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Severe Threat Across Plains for Thursday

While all eyes across the United States are on powerful Hurricane Matthew in the western Atlantic Ocean, another potentially significant severe weather threat is expected to move into the central Plains states on Thursday afternoon.

An area of low pressure moving out of the Rocky Mountains and a cold front draped ahead of it will lead to a clash of air masses and strong storms on Thursday afternoon from Texas to Iowa.

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The main threats with Thursday’s storms will be very large hail and strong gusty winds, but tornadoes will also be a possibility, particularly in the ‘enhanced’ risk zone (in orange, map above).  The tornado threat is expected to be mostly isolated on Thursday.

In Iowa, barely a week removed from the state’s most significant floods in nearly a decade, more unnecessary rainfall could lead to an enhanced flood risk across the region.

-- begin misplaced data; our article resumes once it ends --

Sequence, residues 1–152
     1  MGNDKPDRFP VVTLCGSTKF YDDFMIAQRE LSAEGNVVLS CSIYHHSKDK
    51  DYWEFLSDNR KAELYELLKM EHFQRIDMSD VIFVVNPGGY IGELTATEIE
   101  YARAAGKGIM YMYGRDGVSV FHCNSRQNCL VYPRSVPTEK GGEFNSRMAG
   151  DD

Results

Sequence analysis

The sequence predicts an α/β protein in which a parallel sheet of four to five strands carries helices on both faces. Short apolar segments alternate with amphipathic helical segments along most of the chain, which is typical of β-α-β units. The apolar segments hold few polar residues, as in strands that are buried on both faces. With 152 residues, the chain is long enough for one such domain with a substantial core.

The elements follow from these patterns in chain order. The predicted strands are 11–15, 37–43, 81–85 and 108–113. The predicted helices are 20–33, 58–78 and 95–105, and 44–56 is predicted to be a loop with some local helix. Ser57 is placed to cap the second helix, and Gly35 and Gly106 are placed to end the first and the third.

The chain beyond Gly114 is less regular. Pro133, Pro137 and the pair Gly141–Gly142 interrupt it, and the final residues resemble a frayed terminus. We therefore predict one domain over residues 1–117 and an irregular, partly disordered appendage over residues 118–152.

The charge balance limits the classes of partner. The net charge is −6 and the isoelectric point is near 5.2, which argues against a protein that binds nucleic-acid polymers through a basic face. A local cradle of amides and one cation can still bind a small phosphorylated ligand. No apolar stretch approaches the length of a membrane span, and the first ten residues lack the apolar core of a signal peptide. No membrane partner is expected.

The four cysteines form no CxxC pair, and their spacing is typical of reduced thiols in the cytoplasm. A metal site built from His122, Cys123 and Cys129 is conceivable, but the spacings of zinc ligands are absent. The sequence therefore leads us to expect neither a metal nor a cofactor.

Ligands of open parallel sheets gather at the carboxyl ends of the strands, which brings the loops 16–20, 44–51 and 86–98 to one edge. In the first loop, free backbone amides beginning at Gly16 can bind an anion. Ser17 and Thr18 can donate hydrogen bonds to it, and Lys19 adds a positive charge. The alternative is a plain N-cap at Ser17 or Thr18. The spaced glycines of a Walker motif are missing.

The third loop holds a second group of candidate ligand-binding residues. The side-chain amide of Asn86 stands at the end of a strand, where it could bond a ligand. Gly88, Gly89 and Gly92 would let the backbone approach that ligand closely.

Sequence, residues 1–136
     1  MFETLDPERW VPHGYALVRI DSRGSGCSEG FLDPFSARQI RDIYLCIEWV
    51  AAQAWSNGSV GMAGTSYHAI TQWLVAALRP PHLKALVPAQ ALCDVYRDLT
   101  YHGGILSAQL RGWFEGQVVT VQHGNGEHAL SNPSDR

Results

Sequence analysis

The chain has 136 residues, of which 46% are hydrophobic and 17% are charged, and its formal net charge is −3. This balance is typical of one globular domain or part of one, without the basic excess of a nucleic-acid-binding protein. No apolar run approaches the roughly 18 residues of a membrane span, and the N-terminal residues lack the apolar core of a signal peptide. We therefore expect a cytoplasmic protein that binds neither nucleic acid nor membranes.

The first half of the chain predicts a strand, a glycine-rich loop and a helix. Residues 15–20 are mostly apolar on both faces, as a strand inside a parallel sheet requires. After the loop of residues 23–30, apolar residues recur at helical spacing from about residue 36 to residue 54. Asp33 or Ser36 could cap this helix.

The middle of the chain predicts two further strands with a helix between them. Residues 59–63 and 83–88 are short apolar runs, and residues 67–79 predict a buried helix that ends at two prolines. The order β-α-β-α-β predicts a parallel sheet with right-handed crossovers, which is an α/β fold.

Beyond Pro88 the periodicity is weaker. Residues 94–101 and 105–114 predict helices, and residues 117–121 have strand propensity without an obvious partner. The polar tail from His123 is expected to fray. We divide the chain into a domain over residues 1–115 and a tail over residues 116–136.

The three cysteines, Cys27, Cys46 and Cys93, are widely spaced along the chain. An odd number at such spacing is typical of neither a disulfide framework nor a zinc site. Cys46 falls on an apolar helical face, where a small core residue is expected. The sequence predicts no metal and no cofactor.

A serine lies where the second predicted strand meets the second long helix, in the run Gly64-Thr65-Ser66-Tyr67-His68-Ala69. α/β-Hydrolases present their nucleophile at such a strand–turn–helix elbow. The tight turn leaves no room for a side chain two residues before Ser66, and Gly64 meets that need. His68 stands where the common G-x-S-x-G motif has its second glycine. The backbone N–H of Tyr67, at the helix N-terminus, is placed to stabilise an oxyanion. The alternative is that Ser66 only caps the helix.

Tuesday featured a string of strong storms across Oklahoma, Kansas and Nebraska, with hail sizes as large at two inches with those storms.

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While the prime severe weather season is typically associated with the spring months of April, May and June, a secondary season is often seen during the fall months as warmer and more humid air masses collide with cooler, denser air. Severe storms in September, October and November are far from uncommon – many may remember the November 2013 tornado outbreak that primarily impacted Illinois as a stark reminder of the potential for powerful autumn storms.

Stay with WeatherNation for the latest on this severe weather threat.

For WeatherNation: Meteorologist Chris Bianchi

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